For Our Patients with ICDs and Pacemakers: We want to make you aware of new information released about several types of devices that, when placed in close contact to your body, may interfere with your implantable cardioverter defibrillator (ICD) or pacemaker.
See our Notice About Device Interference for Patients with ICDs and Pacemakers page for more information.
Implantable cardioverter defibrillators (ICDs) are devices used to treat patients with heart arrhythmias that occur in the heart’s lower chambers, or ventricles, which can be life threatening.
ICDs are typically implanted in patients who have a weakened heart due to a history of heart blockages and/or heart attacks, or in those with heart muscle tissue that is enlarged or thickened. Occasionally, ICDs are implanted in patients who have an inherited heart defect that makes their heart beat abnormally.
How Does an ICD Work?
An ICD provides immediate therapy for a life-threatening arrhythmia where the heart is beating too quickly by providing a shock, or jolt of electricity — a treatment called defibrillation. The treatment needs to be immediate to prevent a person from passing out or dying if the heart is beating too fast and is unable to pump enough blood to the body. Patients describe the shock as a pain in either the back or chest area. The pain differs with everyone and lasts for a very short amount of time.
Most ICDs can also act as pacemakers if the heart is beating too slowly. In this role, the ICD continuously monitors heart rhythms and is programmed to deliver pacing pulses (which cannot be felt) to restore the heart's natural rhythm. The goal of these pacing pulses is to avoid the need for a shock. However, the ICD will deliver a shock to the heart if the heart’s natural rhythm is not restored during the pacing pulses.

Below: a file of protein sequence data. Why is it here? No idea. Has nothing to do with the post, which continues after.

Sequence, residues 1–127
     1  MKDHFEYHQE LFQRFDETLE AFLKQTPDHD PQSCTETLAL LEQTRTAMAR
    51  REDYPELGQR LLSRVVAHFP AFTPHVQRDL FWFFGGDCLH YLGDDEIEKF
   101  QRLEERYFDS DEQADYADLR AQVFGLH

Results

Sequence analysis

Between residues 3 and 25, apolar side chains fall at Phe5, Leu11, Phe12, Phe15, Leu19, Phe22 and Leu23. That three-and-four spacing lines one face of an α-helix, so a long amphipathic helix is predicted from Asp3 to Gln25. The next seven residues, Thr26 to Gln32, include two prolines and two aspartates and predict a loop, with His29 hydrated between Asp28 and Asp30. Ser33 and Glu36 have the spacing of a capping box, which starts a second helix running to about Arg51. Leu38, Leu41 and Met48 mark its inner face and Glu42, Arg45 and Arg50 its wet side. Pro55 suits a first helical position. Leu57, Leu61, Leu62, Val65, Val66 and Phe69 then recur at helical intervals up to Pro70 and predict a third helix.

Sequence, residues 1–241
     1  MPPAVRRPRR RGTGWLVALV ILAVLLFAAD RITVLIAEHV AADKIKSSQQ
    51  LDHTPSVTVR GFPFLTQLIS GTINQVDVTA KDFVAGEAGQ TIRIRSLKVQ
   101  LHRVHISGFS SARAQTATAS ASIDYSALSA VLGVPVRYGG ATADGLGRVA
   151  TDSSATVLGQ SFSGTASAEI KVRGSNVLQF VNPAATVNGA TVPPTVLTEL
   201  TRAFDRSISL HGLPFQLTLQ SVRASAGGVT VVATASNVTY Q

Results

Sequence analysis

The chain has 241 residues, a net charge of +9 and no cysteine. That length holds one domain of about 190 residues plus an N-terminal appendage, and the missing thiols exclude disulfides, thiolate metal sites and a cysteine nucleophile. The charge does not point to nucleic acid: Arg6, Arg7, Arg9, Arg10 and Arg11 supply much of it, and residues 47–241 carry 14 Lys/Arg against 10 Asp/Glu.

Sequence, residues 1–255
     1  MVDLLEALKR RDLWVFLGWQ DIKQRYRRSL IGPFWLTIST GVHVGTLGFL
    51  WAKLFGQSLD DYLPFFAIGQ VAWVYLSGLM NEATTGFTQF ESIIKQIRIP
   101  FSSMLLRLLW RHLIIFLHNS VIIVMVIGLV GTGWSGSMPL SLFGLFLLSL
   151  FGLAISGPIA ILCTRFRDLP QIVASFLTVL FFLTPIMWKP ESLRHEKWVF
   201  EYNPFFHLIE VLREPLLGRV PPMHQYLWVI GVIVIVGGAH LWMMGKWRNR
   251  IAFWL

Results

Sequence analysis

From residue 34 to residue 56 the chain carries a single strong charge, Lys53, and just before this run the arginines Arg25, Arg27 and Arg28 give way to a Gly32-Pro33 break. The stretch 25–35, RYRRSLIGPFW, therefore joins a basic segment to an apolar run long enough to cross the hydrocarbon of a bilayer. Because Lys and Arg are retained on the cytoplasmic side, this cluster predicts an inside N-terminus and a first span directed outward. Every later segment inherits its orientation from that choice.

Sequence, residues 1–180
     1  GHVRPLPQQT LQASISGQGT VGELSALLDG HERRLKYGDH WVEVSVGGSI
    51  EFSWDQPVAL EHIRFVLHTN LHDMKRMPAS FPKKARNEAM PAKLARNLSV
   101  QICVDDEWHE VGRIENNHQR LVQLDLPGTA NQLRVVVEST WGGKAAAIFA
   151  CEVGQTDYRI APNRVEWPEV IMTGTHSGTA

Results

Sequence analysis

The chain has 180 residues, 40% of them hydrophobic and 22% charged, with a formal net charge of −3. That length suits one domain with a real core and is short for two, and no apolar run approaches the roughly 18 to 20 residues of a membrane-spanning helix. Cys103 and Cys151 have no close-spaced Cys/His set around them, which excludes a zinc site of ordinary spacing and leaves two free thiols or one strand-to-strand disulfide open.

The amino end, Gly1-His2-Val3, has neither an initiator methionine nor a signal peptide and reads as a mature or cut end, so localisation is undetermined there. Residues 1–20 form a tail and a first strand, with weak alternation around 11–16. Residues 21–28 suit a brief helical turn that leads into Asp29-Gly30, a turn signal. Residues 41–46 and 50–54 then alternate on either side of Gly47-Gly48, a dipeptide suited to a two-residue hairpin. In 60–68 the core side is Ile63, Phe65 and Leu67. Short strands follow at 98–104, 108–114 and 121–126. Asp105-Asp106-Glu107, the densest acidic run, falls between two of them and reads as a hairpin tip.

The device, which is smaller than a deck of cards, is implanted under the skin in a pre-formed pocket in the left chest area. Leads (wires) are either inserted into the large subclavian vein and threaded into the heart (tranvenous) or placed under the skin above the heart (subcutaneous).
Types of ICDs
There are four types of ICDs:
- Single chamber
- Dual chamber
Single-chamber ICDs use a lead (wire) that is attached to the right ventricle to deliver energy, if needed. Dual-chamber ICDs use leads that are attached to the right atrium and the right ventricle.
The biventricular ICD provides cardiac resynchronization therapy for patients who have had heart failure. This type of ICD has leads attached to the right atrium, the right ventricle and the left ventricle. Biventricular ICDs can improve symptoms of heart failure in about two-thirds of patients who remain symptomatic while taking medication for heart failure.
Subcutaneous ICDs work by monitoring the heart rhythm through wires placed just under the skin above the heart. The advantage of a subcutaneous ICD (also called an “S-ICD”) is that there are no wires in the body’s circulatory system, so the risk of the most serious infections is decreased. One disadvantage is that S-ICDs cannot pace the heart out of a dangerous rhythm, and are only able to treat arrhythmias with shocks.
See the ICD FAQ page for more information.
Make an Appointment
The Arrhythmia Program at the University of Michigan has been a national and international leader in the treatment of arrhythmias for more than 30 years. To schedule an appointment to discuss your heart arrhythmia or other cardiovascular condition, call us at 888-287-1082 or visit our Make a Cardiovascular Appointment page, where you may fill out a Patient Appointment Request Form and view other details about making an appointment.